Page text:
Recently, I had a "moment" at The Metropolitan Museum of Art. My husband and I were visiting New York from Colorado without our young kids: a rare trip designed to be all about spontaneity, like before we had children. We hadn't necessarily planned to visit museums, or anything, really. If we wanted to sit around eating bagels all day, we'd do it. Or if we felt compelled to ride the Scrambler at Coney Island, why not? But one morning a couple days into the trip, while sipping an artfully crafted cappuccino at a Park Slope café and writing in my journal, I decided I wanted to spend the afternoon surrounded by paintings and sculptures. We got on the F line from Brooklyn and headed into Manhattan.
But then, ugh. The minute we entered the front doors, the guilt started. As I stared at all of the offerings -- the secret hallways! A costume exhibit! A rooftop café! -- my mind went straight to my kids. They should be here to see this, I thought. I'm a parent who loves to learn and teach through experiences, and although my kids get a lot of valuable nature and outdoors time near our mountainous home, there's nothing like The Met. At the information kiosk, I fingered the vibrant brochures for kids containing games and activities. My 7-year-old son, who's interested in explorers, would dig the scavenger hunt.
The guilt intensified as we walked through the armory containing life-sized horses and knights, swords and guns. I could picture my son's eyes as big as dinner plates as he perused the displays. And while ambling through the period home, I thought about how my 3-year-old daughter, who enjoys playing house, would marvel at the entire rooms full of furniture and dishes and appliances.
With a heavy heart, I made my way upstairs, holding my husband's hand. He pulled me into an area on the left. I didn't even pay attention to where he was taking me. But when I looked up, I found myself in front of Monet's water lilies, paintings I've seen dozens of times as prints in people's homes or on greeting cards or in books. In real life, I marveled at the detail, rich color and texture, and then, jaw slightly open, I moved on to works by Van Gogh and Manet and Seurat. It was a cornucopia of brilliance, and I felt my eyes lighting up and my heart beating fast.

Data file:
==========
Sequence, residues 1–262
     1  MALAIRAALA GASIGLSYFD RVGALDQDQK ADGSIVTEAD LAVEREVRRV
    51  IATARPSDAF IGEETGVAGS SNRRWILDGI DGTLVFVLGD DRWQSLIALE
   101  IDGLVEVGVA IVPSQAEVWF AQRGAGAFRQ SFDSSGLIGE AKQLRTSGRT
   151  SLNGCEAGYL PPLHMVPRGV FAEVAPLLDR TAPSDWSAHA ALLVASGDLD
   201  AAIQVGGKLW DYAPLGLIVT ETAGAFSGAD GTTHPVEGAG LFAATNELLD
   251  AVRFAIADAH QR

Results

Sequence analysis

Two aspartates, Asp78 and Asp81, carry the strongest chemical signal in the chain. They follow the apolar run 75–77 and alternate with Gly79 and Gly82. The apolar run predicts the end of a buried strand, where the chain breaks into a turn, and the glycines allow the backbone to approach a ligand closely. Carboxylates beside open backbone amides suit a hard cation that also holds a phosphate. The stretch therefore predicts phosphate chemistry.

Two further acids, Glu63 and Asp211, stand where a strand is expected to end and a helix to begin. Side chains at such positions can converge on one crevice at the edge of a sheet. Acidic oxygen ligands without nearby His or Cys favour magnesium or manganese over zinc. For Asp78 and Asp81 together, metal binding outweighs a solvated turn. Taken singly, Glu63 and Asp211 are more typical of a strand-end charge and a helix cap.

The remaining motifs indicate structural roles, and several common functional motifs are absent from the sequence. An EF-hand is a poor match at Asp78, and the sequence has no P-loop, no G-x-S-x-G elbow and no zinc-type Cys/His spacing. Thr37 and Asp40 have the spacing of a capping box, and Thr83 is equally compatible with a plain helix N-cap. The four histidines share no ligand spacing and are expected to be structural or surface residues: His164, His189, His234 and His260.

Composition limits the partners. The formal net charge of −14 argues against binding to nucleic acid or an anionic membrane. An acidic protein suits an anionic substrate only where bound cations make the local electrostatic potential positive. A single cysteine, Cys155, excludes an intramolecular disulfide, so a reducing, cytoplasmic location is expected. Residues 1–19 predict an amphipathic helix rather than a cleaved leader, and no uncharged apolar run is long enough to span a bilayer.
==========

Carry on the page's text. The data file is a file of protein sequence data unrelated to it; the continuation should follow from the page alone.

And then I came upon a painting by Pierre Auguste Cot of two young lovers on a swing in the forest. For whatever reason, on that that day, in that moment, everything about it took me deep inside myself, evoking emotion that cut right to my core; that place where my passion burns bright. I stood there, frozen, taking in the light and the colors of the woman's hair against the foliage, and I wondered about the story the lovers were sharing together. A tear crept into the corner of my eye, and everything around me melted away: the crowds of people, the security officer, even my husband. I was completely caught up. I'd forgotten what it feels like to have a deeply authentic moment of my own, experiencing something through my own eyes instead of the eyes of my kids, and I was surprised at how much I needed it. It felt a little bit like falling in love -- in love with my self, all over again. A sensation of being alive and whole.
This feeling carried me through the rest of my trip and into the next weeks of my life. I re-entered the responsibilities of motherhood glowing from the inside out. And interestingly, when my kids asked about my favorite part of the trip, I pulled up a picture of the painting and recalled that "moment" at The Met in great detail. I explained how it made me feel and what it meant to me. I watched them watch my face as I talked, and unexpectedly, it led to a discussion about how important it is to find ways to honor what makes each of us feel alive as individuals. When I asked my daughter what makes her light up, she said her dolls. My son, his playhouse. And that, I realized, was an experience all its own; as priceless as a painting.